If you associate estate planning, writing wills, and marketing your planned giving program with people in their 60s and 70s, you might be way off course.
The Des Moines, IA, based Stelter Company, which recently celebrated its 50th anniversary, specializes in helping nonprofits develop planned giving marketing programs. Research the company recently did turned up some counter-intuitive data about planned giving.
It turns out that younger people are more open to planned giving than older ones. Here's what the research showed:
- People in their 30s are open to the idea of estate giving, but haven't been approached or asked by nonprofits.
- People in their 40s are the most receptive to estate giving and are inclined to make their wills at a much younger age than previous generations.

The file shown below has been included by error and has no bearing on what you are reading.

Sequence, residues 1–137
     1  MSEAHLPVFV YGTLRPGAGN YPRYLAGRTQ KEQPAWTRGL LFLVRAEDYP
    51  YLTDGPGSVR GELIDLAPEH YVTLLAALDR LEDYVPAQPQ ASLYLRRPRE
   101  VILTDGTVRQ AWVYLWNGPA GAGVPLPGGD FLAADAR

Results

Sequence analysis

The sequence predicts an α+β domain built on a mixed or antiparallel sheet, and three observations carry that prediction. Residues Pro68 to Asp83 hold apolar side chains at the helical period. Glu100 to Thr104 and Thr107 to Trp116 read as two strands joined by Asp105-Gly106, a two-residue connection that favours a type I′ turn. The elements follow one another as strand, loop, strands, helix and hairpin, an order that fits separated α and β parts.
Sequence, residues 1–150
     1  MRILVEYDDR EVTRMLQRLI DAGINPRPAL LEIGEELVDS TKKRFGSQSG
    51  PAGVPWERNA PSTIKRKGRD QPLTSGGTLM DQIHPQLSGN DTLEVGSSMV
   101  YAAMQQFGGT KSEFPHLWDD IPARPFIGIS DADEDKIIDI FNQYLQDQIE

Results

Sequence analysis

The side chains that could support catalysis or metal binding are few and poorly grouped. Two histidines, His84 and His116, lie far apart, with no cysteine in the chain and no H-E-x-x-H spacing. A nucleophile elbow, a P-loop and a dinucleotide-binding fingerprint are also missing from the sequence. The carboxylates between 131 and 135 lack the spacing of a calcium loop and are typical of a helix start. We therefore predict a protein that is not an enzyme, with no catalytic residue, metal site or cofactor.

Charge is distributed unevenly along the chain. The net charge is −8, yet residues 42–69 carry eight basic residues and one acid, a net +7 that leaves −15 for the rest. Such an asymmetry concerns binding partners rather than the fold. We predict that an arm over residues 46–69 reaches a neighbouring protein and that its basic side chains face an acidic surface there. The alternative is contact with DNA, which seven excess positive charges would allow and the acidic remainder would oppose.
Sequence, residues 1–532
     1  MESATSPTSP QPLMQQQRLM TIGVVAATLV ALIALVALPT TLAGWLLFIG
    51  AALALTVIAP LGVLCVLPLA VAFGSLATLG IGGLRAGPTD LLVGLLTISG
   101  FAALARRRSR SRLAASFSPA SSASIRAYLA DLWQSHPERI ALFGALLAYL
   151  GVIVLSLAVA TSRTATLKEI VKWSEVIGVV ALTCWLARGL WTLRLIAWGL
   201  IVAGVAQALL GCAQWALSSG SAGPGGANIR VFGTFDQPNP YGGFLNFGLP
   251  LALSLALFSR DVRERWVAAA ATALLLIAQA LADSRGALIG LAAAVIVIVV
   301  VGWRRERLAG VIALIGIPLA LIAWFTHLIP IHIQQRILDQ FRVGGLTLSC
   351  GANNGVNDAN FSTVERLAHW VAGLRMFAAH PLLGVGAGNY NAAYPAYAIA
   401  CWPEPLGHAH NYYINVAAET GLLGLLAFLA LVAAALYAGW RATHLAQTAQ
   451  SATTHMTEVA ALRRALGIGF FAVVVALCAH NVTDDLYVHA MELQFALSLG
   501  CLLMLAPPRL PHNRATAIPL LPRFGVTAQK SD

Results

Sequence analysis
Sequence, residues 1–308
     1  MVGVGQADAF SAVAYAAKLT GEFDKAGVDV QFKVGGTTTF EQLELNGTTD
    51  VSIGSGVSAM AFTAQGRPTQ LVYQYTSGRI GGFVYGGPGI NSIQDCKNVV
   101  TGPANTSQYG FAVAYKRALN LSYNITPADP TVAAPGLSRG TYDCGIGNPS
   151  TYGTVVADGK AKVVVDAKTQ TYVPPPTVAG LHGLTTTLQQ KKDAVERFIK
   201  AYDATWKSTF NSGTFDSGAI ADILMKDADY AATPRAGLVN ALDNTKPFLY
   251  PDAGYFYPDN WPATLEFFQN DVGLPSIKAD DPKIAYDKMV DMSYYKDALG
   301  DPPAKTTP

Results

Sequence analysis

- People in their 50s have been the hardest hit by the recent poor economy and are only lukewarm when it comes to estate planning.
- People in their 60s are the most knowledgeable about planned giving, but they are not that much more interested in it.
- People in their 70s are the least interested in estate giving and are the most likely to say their money should go to family and friends.
Is your organization targeting the wrong groups for planned giving? The lesson seems to be to start earlier rather than later. Bev Hutney, director of research and innovation at Stelter, said, "...we advise our clients to include younger donors in their conversations about charitable bequests. This goes agaist the grain of conceived wisdom."
The Stelter Company came up with a very nifty infographic that illustrates its findings. Part of that graphic is shown above, and the entire illustration is here. Be sure to scroll down through the news release.
Source: Stelter Company Press Release.
More about planned giving: